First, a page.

In the classic 1985 movie, Back to the Future, teenager Marty McFly returns home from the ‘50s in a modified DeLorean car that serves as a time machine and his scientist friend, “Doc” Brown, departs into the future—2015. It was 30 years ago when moviegoers first watched that scene on the big screen. With 2015 upon us, we know Doc found a drastically different world than what existed in the 1980s.
The year that sounded so futuristic finally arrived and the industrial Internet of Things—not even a gleam in anyone’s eyes—powered by big data and analytics is becoming the catalyst for digital disruptions that are blurring industry lines, and changing how we work and live.
At many companies, the industrial Internet of Things is seen as a vehicle to help improve operational efficiency and many are considering the role of digital technologies in their supply chains. But as my colleagues recently wrote for The Wall Street Journal, “Companies also need to be thinking now about how to use it to drive revenue growth in new ways. Some are already moving quickly to do so, pioneering paths other companies can follow. They are starting to introduce new digital products and services that address unmet customer needs or solve critical business problems.”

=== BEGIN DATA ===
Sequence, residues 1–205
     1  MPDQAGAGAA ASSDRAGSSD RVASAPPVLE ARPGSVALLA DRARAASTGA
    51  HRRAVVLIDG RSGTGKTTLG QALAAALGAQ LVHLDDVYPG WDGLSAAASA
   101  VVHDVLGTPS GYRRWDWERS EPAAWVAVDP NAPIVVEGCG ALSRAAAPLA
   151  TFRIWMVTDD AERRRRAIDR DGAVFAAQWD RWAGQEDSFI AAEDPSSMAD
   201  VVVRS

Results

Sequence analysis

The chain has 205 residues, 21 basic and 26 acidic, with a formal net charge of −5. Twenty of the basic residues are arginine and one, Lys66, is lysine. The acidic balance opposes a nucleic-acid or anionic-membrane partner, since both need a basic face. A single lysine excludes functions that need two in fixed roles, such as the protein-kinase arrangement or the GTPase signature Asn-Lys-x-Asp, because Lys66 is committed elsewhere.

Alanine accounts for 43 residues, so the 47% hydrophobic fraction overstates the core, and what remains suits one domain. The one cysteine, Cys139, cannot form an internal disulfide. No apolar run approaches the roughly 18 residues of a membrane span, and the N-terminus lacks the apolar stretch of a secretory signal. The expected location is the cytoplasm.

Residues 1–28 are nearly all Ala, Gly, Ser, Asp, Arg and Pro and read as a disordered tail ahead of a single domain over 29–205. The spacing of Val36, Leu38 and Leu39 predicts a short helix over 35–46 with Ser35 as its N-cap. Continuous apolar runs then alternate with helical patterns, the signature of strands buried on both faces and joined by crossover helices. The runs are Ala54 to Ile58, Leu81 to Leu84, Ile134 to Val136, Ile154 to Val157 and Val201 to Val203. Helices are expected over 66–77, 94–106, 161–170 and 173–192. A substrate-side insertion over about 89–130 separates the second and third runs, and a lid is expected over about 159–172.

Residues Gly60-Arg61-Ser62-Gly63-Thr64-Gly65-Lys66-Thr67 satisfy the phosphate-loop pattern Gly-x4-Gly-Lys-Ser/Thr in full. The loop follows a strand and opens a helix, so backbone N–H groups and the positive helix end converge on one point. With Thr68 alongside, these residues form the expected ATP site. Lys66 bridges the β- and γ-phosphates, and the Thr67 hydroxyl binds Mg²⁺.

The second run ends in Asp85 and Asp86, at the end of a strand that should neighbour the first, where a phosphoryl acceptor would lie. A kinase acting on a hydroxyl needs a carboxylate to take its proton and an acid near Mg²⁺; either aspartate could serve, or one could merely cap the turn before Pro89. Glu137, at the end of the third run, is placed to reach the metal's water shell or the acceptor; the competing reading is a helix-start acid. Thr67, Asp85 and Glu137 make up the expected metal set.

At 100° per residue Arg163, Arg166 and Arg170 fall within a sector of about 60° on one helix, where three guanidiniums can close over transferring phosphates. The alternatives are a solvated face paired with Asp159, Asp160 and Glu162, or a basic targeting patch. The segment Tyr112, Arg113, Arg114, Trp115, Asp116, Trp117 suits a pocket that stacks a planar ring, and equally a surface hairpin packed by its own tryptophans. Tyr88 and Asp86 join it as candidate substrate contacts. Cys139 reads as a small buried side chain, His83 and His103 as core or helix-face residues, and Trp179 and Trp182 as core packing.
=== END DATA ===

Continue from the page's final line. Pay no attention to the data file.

While the opportunity is great, much work needs to be done. Two-thirds of 250 executives surveyed from across eight industrial sectors for the Industrial Internet Insights for 2015 Report from Accenture and GE acknowledged that they could lose their market position in the next one to three years if they do not adopt big data, which feed the intelligence of the industrial Internet of Things. Why wouldn’t they think so? Virtually all of the surveyed executives (93 percent) said they see new market entrants (in other words, new competitors) using big data to differentiate themselves.
Although most companies acknowledge that big data is a top priority, only one-third of those surveyed are accumulating data to help them optimize their business. Still, they believe their prospects for future competitiveness are tied to their use of advanced analytics if they want to realize the promise of the industrial Internet of Things.
There is a silver lining. Nearly two-thirds of the companies use big data analytics to monitor their equipment and assets to identify operating issues and enable proactive maintenance. But that means that one out of three is not yet doing so. And, that is really just the tip of the iceberg as it relates to the art of the possible with today’s technology.
What we’re talking about is potentially trillions of dollars in new services and overall business growth as a result of the industrial Internet of Things. Reaping those rewards may require many companies to work through a multitude of issues ranging from system barriers that hinder consolidation of disparate data for use in a data repository to security concerns.
So how do companies get there from here?
Invest in end-to-end security. Security concerns are rightfully top of mind for many companies as they invest in big data and build their foundation for bringing the industrial Internet of Things to life. Protecting data, irrespective of the nature of it, should be considered, and that begins with an assessment of the risks and consequences inherent in its collection and use. Objectives and goals to help manage against security risks can be established, and should be addressed across the supply chain. Strong corporate buy-in and governance is important.